An SU President for Some, Not All

 
 

With debate on the referendum to impeach UCD’s Student Union President Katie Ascough taking over the campus, a recurring thread among students is the question “how did this happen?”

Perhaps wondering how she was elected in the first place is not an effective use of our time. After all, she ran a colourfully well-funded campaign, made some propositions that were attractive in a generic way, and successfully hid her views from most. As most of the sabbatical officers have pointed out in statements, they got on quite well over the summer and had no issues with her until recently.

It is only natural that the truth would come to light in the midst of Ascough actually having to act as president and make good on her promises. Each aforementioned statement from the sabbatical officer provides a differing account to the one presented by Ascough, and with her falling back on her campaign promises, it is necessary to analyse them.

One promise was to improve mental health supports. Aside from the fact that seeing mental health as a goal that can be achieved by adding more Zumba classes is reductive and frankly insulting to sufferers of mental health issues, another issue springs to mind. Namely, what of the mental health of people in the LGBT+ community?

As Amy Crean said at the hustings, the union is meant to be fully inclusive, and that is “not just inclusive of ideologies, that’s inclusive tangibly of people.”

Respecting “differing viewpoints” is key to tolerance in our society. However, the rights of LGBT+ people and their status as human beings does not fall under the banner of “differing viewpoints,” as she suggested at the hustings which took place earlier this week. As Amy Crean said at the hustings, the union is meant to be fully inclusive, and that is “not just inclusive of ideologies, that’s inclusive tangibly of people.” Ascough “accepting” that she has “opinions that might not be the norm in UCD” is not enough. The student body, as a whole, does not accept that her ideology could affect her view of who among them counts in her definition of “everyone.”

Another promise was to promote consent and raise awareness of sexual assault. In a piece for Alive! magazine, Ascough wrote that girls on nights out “need to be extremely aware of the kind of attention” they are “drawing” to themselves, and that men need to respect women “even if those women might not be showing the utmost respect for themselves.” Seeing this, compounded with her piece on upholding chastity, how can we be sure that she would take a progressive, empathetic stance on the issue and not further perpetuate the culture of victim-blaming?

As for her other hard-hitting promises to get microwaves and a burrito bar, considering the latter resulted in Ascough being denounced by Boojum as “manipulative,” it is safe to assume that things are not going as planned. In terms of looking out for the actual students who are supposed to be represented by the Students’ Union, this is not particularly helpful.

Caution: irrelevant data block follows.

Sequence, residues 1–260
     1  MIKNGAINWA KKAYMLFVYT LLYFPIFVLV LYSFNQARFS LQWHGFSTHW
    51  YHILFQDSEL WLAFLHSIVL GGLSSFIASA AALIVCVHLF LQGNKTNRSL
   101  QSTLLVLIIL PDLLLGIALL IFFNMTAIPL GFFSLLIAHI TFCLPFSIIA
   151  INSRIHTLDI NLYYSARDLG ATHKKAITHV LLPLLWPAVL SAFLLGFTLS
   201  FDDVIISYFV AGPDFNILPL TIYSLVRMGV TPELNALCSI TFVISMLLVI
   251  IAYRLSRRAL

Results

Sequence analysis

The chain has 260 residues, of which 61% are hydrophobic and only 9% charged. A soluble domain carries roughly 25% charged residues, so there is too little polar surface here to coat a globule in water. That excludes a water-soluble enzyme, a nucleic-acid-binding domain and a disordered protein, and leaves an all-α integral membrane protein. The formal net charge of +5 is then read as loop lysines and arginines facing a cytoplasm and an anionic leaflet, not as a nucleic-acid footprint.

Her ideology could affect her view of who among them counts in her definition of “everyone.”

Likewise, isolating herself in a defensive bubble and cursing everyone who goes against her is not a good sign for the Union. Like another flailing president, Ascough and her campaign have devoted a sizeable portion of their time to denouncing newspapers for reporting facts, or reporting at all. Instead she is telling people to ignore credible sources such as the University Observer and the Referendum Fact Checker and refer solely to her Facebook page for “facts.” This is not to mention her excessive use of the so-called “bullying line” and general victim-playing, evident in her two open letters thus far.

Ascough has put more time and effort into saving herself and reassuring people that she will uphold her promises than she has making tangible steps or interacting with the people she so desperately wants to represent. She is utterly incapable of recognising her own bias when it comes to a veritable range of issues, or acknowledging when she is in the wrong. Saying that both sides of this campaign are equally deceptive is the definition of centrism and also a working example of why it is no longer a viable political stance.

Katie Ascough perhaps reflects the current presidential trend in another way, in that she will tell the people what she thinks they need to hear to get where she wants to be, before crashing under the weight of their disappointment. She is not being punished for her views, but it becomes clearer with each passing day exactly how much they impede her ability to act as our president.

 

 

 

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